In Malachi 4:1-6, God told the people of Jerusalem that they would be visited. The nation had been brought back from captivity in Babylon/Persia, had rebuilt the temple, and had (in a short time) returned to their old ways. They were showing partiality in judgment and oppressing the widows, orphans, and strangers in their community (2:9; 3:5). They were giving honor to the bad people rather than their faithful God (1:6; 2:17; 3:15). They were violating their covenant with God (2:5,10,11). In fact it is possible that God was the wife of their youth and they were worshipping the female goddess Asherah (2:11,14). God did not want to divorce them but they were leaving little choice.
So God planned to visit them. For the wicked it would be a day of burning judgment (4:1). For the ones who loved God, it would be a day of joy (4:2). They would be like calves let out of the pen and as those who crush the wicked under their feet (4:3). God was coming into the world to bring justice, victory, and peace.
400 years of silence until Jesus came to once again free the captives and defend the oppressed (Luke 4:16-19). Mary, the simple servant, the young child, and the one favored by God was told that her son would be great. She was told that Jesus would have an everlasting kingdom. She was told that this would happen by the power of the Spirit and the overshadowing (visiting) by the power of the Most High God (Luke 1:32-35). The coming of God would bring justice to the oppressed and freedom to the captives. It would also bring judgment on those who spend their lives and energy at the expense of people.
Christmas caroling, bonuses, and wassailing. These were popular methods, during the days of the Puritans, for the poor to have advantage over the rich. As far back as the festival of Saturn (called the Saturnalia in the 3rd century AD) the rich served the poor and the masters served the slaves. Gifts were given to the oppressed and the week of December 25 was a time of equalizing all people. In the colonial days caroling was a form of harassment, by the poor. Our song: “Now bring us a figgy pudding and bring it out now! We won’t go until we get some…” are remnants of this archaic form of harassment. Bonuses are given to employees as a sign of good cheer. In colonial days you gave a bonus to make sure that the little guy didn’t hurt you doing the year. Now we know why Scrooge hated Christmas so much! But the little guy just wanted to be loved, noticed, and honored.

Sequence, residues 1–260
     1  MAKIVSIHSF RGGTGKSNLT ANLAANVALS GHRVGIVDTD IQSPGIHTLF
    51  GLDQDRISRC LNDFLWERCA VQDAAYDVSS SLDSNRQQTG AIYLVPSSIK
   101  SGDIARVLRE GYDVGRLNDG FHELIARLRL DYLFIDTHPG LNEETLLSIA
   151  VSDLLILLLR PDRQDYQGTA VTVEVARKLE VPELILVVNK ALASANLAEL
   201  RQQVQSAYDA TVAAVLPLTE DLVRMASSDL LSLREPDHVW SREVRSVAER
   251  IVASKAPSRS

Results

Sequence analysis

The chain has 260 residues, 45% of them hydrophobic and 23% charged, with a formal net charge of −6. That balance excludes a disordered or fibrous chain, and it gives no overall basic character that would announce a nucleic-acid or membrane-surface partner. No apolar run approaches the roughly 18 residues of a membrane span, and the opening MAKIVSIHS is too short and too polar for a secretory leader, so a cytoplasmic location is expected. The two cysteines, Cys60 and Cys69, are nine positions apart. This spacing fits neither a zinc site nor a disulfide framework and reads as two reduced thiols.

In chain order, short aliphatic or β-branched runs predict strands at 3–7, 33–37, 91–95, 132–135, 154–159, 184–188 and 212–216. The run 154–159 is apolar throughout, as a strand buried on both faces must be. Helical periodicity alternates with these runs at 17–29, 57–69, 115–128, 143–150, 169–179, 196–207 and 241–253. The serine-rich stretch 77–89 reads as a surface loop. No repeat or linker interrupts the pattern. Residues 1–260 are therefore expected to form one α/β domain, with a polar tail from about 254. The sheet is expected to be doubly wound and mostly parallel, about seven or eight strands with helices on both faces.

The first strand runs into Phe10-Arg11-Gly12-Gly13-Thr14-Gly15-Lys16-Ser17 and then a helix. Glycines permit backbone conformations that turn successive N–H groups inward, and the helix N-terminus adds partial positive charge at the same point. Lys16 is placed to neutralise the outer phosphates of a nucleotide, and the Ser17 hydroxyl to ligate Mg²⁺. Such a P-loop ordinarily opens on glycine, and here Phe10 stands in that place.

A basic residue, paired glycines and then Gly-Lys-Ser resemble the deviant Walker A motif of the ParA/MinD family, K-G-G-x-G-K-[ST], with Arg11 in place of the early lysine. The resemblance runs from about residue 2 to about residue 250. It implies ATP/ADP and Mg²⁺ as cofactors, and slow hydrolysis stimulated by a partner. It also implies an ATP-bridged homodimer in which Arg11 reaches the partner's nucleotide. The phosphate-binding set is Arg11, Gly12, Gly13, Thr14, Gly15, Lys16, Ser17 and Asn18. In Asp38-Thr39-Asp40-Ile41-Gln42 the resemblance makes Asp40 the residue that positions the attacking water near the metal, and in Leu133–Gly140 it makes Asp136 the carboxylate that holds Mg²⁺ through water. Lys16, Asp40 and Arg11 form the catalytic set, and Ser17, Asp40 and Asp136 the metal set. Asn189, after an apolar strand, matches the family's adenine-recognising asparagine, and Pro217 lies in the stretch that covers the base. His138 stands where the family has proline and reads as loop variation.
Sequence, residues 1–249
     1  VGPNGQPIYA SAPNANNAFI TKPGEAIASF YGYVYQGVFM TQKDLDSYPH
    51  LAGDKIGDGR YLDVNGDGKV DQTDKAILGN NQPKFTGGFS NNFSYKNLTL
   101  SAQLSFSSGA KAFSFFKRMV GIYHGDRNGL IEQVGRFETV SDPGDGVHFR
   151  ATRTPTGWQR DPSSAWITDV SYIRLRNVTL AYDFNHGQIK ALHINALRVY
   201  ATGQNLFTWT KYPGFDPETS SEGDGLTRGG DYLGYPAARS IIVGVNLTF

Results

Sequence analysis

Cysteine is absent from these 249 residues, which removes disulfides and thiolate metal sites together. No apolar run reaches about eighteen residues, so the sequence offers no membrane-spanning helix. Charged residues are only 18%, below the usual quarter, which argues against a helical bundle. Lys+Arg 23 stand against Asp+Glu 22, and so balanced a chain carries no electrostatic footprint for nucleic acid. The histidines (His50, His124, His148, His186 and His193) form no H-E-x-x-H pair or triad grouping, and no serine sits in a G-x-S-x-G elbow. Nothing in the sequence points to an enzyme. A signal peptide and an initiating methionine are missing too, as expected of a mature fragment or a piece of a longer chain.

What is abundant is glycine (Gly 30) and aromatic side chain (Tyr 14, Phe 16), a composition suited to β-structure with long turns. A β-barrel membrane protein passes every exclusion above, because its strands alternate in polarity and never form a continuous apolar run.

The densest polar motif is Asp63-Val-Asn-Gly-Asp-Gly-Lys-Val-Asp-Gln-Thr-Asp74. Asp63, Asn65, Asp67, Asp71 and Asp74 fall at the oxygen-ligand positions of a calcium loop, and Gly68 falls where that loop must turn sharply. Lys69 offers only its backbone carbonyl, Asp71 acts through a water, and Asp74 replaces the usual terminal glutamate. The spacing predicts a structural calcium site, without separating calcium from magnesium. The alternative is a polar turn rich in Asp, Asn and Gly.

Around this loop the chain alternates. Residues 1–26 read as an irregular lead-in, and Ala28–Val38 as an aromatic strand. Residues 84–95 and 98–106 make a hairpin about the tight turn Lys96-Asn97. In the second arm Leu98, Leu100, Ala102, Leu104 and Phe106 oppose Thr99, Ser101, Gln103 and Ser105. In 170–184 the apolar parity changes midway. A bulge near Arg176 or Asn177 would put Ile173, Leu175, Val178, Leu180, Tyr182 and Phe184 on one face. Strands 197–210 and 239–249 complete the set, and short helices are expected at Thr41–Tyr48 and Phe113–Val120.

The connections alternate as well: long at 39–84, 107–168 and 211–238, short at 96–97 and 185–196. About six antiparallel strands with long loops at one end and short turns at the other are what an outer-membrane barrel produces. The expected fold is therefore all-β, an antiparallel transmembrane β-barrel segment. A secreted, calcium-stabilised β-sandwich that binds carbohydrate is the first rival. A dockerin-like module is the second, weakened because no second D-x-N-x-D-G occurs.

I forget sometimes how deep these traditions run in our practices. We give, we bless, we serve, and we remember during this time of year. While the history of the traditions may be in blackmailing people or harassment—we know that giving and serving are good things to teach our children. So it is with the coming of the Messiah. Jesus came, not only to save us, but also to bring justice. This time of year is not only a time to give, but also a time to reflect. It is a time to remember the poor and continue to remember the poor throughout our lives. Jesus came to bring justice in a land that had forgotten to take it to heart. So this season, we remember that Jesus came to lift up and empower the oppressed, the afflicted, the weak, and the sinner. Those among us who struggle with depression this time of year over the loss of a spouse or loved one, distance from family, divorce, or loss of a job need love, mercy, and justice. Those among us who are without, who feel imprisoned from sin, or who don’t want to face the future need hope that the coming of Jesus brings. Yet—it begins with us. God came to people as a merciful judge. God did not come to condemn but to empower people to love God and our neighbor. Jesus came to turn our hearts to each other and become a community of peace and justice.